No Drugs, No Executions: The End of the Death Penalty

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Deborah Denno comments to the National Journal on the execution of William Happ and  an American death-penalty system in crisis: States are running out of the drugs they rely on to carry out death sentences as alternatives for how to secure them quickly diminish. And how no one wants to innovate in the execution industry.

“Every time a state changes their method of execution, they lose credibility about a procedure that should be as humane as we can make it. Everything that states are doing now goes against that very grain,” said Deborah Denno, a capital-punishment expert who opposes the death penalty. “They choose drugs because they are available, not because they know anything about those drugs.”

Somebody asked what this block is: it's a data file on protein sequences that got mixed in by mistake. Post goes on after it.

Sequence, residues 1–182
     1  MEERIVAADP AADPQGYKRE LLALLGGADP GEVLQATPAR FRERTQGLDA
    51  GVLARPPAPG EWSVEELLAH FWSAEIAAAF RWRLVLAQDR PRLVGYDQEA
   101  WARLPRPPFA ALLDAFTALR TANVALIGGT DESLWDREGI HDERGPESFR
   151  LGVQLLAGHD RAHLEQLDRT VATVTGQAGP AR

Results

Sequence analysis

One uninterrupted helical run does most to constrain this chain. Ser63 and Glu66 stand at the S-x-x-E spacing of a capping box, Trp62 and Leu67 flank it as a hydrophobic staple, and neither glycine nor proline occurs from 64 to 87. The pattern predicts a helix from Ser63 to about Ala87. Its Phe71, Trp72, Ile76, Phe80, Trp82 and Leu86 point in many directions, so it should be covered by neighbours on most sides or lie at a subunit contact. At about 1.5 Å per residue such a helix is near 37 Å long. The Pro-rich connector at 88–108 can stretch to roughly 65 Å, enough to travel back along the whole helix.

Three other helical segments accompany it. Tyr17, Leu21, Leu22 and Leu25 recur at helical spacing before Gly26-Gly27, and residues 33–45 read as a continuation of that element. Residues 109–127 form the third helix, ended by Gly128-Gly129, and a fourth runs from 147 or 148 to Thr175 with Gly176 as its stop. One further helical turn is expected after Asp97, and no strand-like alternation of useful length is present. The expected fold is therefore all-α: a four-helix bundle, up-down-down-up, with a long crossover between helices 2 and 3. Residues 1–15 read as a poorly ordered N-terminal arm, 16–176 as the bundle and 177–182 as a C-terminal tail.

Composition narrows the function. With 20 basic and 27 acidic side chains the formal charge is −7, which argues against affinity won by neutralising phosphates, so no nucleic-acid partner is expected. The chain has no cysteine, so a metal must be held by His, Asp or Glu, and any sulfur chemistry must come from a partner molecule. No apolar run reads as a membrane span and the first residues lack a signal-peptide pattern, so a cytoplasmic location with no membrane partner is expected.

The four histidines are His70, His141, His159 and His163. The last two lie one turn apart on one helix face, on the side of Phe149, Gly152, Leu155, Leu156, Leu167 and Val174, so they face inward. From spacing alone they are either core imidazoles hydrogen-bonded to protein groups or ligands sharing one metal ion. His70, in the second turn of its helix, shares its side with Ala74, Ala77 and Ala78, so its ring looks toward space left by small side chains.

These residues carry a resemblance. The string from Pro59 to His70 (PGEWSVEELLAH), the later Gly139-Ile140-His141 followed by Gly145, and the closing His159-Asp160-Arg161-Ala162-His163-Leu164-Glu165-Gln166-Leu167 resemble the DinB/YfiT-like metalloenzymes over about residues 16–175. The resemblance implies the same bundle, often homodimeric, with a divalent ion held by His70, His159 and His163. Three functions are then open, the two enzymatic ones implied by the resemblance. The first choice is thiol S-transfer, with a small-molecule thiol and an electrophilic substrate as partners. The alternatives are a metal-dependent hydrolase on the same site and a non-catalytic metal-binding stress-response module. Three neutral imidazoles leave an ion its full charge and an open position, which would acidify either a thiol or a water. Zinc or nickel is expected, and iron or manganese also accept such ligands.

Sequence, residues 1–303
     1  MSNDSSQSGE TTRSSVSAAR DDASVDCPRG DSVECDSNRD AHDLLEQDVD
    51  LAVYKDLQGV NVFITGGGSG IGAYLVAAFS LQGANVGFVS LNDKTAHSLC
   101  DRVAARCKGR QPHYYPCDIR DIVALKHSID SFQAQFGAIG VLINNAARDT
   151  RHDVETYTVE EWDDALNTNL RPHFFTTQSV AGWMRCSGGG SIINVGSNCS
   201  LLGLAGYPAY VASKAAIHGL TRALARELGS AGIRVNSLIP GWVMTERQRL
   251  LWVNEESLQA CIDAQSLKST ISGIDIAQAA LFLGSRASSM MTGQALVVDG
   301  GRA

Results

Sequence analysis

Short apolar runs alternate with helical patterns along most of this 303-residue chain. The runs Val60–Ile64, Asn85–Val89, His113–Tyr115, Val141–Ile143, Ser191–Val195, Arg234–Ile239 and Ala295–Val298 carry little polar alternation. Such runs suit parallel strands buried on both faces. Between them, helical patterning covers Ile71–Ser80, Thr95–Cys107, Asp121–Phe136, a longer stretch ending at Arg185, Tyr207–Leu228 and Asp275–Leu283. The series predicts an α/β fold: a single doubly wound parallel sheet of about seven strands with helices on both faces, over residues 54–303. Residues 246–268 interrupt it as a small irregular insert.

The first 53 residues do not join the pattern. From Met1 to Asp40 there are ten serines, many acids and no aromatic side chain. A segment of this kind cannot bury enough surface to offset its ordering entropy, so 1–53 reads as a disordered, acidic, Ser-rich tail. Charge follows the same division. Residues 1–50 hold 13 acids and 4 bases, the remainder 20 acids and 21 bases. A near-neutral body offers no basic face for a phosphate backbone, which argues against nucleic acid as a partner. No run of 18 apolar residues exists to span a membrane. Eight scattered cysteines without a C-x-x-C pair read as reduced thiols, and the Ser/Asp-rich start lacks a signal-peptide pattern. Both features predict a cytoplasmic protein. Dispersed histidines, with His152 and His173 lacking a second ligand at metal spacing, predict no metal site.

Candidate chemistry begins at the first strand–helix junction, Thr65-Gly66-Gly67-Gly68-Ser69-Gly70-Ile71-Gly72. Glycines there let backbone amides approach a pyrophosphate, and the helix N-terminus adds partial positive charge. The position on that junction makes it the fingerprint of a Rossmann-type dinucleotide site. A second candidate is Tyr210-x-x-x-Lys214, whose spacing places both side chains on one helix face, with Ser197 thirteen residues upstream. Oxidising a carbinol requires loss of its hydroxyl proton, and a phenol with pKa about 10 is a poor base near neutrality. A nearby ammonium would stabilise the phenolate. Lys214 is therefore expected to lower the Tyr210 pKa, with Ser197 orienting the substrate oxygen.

Advocates like Denno see this rising tension as an unexpected boon for their cause, something that is succeeding where more-conventional methods—Eighth Amendment lawsuits, innocence projects, and demonstrations of racial and socioeconomic bias—have failed.

“The drug shortage and what caused it and what perpetuates it and what results from it has nothing to do with the execution process in this country. Nonetheless, it may be the factor that ends up finally abolishing the death penalty,” she said. “And it’s an irony because it’s nothing any death-penalty litigator could have hoped for.”

The entire National Journal story ran on October 28, 2013.

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